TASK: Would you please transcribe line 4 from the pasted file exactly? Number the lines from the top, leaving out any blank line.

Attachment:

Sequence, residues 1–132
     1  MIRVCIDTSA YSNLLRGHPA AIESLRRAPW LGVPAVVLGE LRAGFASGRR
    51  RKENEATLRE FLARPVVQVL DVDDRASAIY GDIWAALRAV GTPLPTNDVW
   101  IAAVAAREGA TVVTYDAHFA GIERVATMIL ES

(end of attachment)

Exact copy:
   101  IAAVAAREGA TVVTYDAHFA GIERVATMIL ES